Rules, procedures, and relationship building are definitely my top priority during the first week of school. Getting those down during the first 5 days will spare me from headaches during the other 175. That said, I really can’t stand seeing those faces in my room and not teaching my content, so I tried to cover some basics this week.
Parts of Speech
This year, I’ve taken on an idea from a stellar colleague Jeanette, my 7th grade counterpart. My students put together grammar and vocabulary books that we’ll use the entire year. I’m so excited about them. They are basically Duo-Tang folders where we will keep our notes about grammar topics like parts of speech, sentence types, phrases, and clauses. We will also keep all of our notes about vocabulary words in the folder, filing the words by part of speech. We’ll have blank pages for notes on roots, affixes, and context clues.
As we learn new vocabulary words, we will list them along with their part of speech in the table of contents.
After this, students put one sheet of blank loose leaf paper for notes on roots and affixes followed by tables to list the meanings of the roots and affixes we encounter throughout the year.
After the tables, students put a few sheets of loose leaf paper in for notes on context clues. We will learn about those starting Monday.
Then, students cut and hole punched different colored construction paper to correspond with the multi-sensory grammar color coding our school uses. We inserted some pages of my modified Frayer models for vocabulary instruction. Then when we have writing lessons, and I tell the students to use more adverbs, for example, they’ll flip to the purple section of their book and have some great tier 2 level adverbs to choose from! Again, this is not my idea, but I think it’s a great one, and I’m looking forward to seeing how it works.
As an aside, I was COMPLETELY freaking out about getting my students to organize so many papers, not to mention CUT WITH SCISSORS and HOLE PUNCH on the second day of school, but I was worried for nothing. Each team member had a different job in helping each other put these together. They did great! They even organized and put away the extra supplies without being asked, and one student on her own initiative made an extra book for a teammate who was absent.
After putting together our grammar books, I gave each team of students an index card with one part of speech and examples. For instance, a card that said adjective and then listed 3 different adjectives. Each group prepared a poster to teach their part of speech to the class. As groups presented, students took notes in their new grammar books!
Then, we hung the posters on the grammar wall.
This is not really the purpose of the wall, but the kids have been using the posters during our daily grammar/writing warm ups, so I’ll leave them up for a little while.
Question Answer Relationship
Along with grammar, we worked on QAR, a reading strategy we’ll use all year long. The type of thinking required in this strategy is different from what most students are used to, so this is some pretty heavy stuff for the first week, but with lots of encouragement, scaffolding, and practice, students can do it. We started by taking notes which included sorting questions of each type of QAR and glueing them into our journals right with our notes.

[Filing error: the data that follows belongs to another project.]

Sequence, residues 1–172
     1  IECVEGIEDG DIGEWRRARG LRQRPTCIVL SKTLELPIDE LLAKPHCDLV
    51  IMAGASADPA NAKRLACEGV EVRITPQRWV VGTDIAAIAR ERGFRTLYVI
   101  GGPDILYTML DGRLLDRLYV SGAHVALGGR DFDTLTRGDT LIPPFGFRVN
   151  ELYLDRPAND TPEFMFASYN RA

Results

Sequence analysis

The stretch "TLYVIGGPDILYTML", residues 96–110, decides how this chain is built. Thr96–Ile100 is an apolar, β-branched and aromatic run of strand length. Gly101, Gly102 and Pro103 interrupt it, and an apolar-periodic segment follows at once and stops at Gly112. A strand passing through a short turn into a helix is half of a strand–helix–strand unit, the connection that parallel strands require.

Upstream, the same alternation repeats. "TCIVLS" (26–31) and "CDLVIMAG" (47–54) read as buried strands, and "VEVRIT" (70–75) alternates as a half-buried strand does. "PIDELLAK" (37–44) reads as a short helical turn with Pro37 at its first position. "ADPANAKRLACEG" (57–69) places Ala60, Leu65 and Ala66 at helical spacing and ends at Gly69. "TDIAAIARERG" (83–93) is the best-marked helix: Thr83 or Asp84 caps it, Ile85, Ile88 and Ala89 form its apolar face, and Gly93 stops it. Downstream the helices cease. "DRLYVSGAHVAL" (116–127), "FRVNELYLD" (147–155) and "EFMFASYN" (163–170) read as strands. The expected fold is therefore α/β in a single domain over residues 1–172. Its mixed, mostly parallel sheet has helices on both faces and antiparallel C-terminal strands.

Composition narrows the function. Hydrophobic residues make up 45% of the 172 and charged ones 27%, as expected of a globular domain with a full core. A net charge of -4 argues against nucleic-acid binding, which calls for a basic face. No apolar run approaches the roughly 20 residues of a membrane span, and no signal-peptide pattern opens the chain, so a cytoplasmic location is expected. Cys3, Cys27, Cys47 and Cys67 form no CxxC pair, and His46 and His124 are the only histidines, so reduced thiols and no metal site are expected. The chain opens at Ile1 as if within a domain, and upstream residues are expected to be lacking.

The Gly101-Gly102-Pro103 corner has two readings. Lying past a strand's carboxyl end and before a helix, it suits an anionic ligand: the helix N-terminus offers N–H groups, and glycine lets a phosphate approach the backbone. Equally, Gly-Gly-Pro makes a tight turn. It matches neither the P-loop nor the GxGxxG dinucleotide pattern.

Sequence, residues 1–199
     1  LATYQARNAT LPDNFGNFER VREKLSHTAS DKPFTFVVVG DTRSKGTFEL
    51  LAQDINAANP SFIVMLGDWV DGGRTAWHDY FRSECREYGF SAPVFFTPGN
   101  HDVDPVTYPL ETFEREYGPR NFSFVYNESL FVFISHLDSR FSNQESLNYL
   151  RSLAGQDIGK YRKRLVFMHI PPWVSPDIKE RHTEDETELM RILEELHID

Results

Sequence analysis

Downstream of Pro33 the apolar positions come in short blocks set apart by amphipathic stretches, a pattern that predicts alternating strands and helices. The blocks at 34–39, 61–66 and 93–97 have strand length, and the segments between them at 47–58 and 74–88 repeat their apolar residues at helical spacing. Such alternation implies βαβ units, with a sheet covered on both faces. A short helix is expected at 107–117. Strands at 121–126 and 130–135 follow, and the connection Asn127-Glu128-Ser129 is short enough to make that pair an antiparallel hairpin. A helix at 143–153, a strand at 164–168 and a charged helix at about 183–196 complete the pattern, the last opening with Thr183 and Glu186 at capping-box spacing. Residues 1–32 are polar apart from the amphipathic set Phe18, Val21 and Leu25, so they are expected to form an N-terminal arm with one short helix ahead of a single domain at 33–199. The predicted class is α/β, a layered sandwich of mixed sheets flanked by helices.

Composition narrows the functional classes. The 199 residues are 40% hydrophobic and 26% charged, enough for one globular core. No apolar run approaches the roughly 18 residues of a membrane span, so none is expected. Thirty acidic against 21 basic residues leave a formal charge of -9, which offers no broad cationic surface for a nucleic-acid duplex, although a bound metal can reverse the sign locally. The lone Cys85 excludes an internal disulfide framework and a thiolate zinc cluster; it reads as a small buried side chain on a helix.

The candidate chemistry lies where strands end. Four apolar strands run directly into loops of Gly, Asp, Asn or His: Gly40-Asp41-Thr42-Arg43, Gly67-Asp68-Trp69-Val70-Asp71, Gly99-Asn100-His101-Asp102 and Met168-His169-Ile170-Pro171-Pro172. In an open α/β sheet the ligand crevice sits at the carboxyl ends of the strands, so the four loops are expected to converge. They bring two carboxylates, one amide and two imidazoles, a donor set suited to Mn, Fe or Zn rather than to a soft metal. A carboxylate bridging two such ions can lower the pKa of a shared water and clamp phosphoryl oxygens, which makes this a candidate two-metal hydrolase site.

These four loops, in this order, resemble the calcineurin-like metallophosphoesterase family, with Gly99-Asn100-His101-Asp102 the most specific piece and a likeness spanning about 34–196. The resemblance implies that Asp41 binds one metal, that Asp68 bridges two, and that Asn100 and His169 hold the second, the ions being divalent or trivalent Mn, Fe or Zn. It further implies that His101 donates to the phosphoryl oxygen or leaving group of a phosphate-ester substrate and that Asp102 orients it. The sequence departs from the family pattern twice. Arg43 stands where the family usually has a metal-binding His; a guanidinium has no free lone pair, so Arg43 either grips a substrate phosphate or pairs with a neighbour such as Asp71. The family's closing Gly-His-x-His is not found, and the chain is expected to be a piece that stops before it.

Then, I asked students to take out a functional text I wrote detailing my classroom procedures. We’d used it earlier in the week for a part of speech scavenger hunt. But now, the students used it to practice QAR. Students had to classify the questions by QAR and then underline the parts of the passage that help them with the answer. We used colored pencils to color code our answers and underlines.
(Haven’t you ever tried to copy something only to have half of your pages come out on colored paper someone forgot? Oh well! I kind of like the blue paper. It’s pretty.)
In addition to my language arts block, I teach a one hour reading enrichment class for a very small group of students. The goal is to fill the gaps in their reading skills and exit them from the class as quickly as possible. This week, I gathered a lot of data. Students filled out interest forms, so I would know what they like to read and what their struggles are. I used the San Diego Quick Reading Assessment to get an idea of their levels, and I administered a paper and pencil multiple choice reading pretest. The results of the pretests fascinated me.
My completely unscientific data analysis chart for the pretest revealed that my students are pretty great with narrative text (#12 – 20), but they need some work with expository. How very ELAS! But so much for the novel studies I’ve found to be so successful with these groups. My mother is coming to the rescue and mailing me some National Geographic materials.
We also learned about word parts and played a fun game I found at one of my favorite websites that I usually called That Florida Site.
One week down! I’m glad it was a great one.